French Colonizing Expeditions

A small temporary fort was established by Captain Jean Ribault in Port Royal Sound, SC in 1562. Seventeenth Century French maps state that members of this colony traveled to the “gold-bearing mountains of the Apalache,” and claimed the territory for the King of France. Only French maps of the period provide an accurate description of



The Migration Legend of the Kashita People

One of the many aspects of the contemporary Creek Indians that non-indigenous anthropologists seldom understand is that the Creeks are an assimilated people, composed of diverse ethnic groups, many of whom were originally enemies.  The Itsate-speaking Creeks were the main players in the mound building business.  However, they were decimated first by European diseases. and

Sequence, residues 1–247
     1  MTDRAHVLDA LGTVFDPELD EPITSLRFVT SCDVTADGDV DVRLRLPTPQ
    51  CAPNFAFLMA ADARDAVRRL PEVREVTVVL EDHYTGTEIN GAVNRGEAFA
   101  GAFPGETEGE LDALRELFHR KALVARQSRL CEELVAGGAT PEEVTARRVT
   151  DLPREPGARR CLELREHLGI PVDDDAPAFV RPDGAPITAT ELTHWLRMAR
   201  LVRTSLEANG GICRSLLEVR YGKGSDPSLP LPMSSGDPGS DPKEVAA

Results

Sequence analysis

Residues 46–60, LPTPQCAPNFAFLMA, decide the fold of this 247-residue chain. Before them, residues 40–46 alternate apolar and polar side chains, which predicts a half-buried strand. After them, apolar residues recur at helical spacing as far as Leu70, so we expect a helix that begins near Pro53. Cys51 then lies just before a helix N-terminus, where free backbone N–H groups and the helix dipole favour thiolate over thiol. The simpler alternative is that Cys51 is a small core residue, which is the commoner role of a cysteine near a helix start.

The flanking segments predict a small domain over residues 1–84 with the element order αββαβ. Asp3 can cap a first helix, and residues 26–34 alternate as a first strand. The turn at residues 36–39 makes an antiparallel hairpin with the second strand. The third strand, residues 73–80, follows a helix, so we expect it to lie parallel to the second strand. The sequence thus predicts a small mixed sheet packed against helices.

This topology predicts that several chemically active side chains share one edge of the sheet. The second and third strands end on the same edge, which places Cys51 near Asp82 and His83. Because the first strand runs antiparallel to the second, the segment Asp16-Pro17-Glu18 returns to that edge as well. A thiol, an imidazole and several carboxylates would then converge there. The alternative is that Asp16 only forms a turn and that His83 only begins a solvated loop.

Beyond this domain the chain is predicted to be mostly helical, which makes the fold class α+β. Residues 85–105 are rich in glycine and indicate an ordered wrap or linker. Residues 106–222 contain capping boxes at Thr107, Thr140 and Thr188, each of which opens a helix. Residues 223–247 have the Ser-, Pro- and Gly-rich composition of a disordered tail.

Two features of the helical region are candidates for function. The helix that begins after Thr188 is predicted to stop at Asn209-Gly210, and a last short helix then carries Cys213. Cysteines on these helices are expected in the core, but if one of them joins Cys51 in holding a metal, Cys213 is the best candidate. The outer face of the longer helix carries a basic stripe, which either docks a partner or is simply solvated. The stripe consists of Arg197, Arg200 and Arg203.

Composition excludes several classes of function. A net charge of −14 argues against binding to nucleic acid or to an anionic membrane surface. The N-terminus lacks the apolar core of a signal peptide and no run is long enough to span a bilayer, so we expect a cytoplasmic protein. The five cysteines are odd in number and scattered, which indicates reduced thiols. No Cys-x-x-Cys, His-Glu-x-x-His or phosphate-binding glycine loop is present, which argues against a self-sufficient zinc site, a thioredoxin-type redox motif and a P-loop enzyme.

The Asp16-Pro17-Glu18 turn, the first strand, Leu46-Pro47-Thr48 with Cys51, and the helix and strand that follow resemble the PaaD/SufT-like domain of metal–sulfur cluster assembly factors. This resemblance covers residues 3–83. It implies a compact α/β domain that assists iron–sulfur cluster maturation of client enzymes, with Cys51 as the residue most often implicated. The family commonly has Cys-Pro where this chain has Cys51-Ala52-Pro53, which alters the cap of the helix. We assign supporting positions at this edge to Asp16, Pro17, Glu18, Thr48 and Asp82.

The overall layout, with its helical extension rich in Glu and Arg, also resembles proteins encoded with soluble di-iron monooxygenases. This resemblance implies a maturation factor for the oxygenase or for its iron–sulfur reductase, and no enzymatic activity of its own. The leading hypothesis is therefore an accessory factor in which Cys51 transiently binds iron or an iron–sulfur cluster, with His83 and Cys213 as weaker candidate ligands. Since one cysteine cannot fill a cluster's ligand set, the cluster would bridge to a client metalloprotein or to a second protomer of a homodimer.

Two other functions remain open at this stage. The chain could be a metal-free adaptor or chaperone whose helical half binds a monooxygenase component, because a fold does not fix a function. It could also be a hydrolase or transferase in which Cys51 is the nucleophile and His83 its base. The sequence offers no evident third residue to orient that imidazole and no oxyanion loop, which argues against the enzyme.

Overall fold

Apalachee Tribe

The Apalachee Indians are of Muskhogean stock and linguistically are closely related to the Choctaw. Their first known inhabitation of North America is found around Lake Jackson, Louisiana, where they appeared to have resided from about 1100-1511. Archeologists have studied the mortuary evidence found in the mounds in the Lake Jackson region, and have identified



Hitchiti Indian Tribe

The Hitchiti tribe, of whose language we present an extensive specimen in this volume, also belongs to the southeastern group, which I have called Apalachian. Hitchiti town was, in Hawkins time, established on the eastern bank of Chatahuchi River, four miles below Chiaha. The natives possessed a narrow strip of good land bordering on the



Apalachi Indian Tribe

Apalachi Indians



Apalachee Indian Tribe

Apalachee Tribe



Apalachee Indians

Apalachee Indian Tribe



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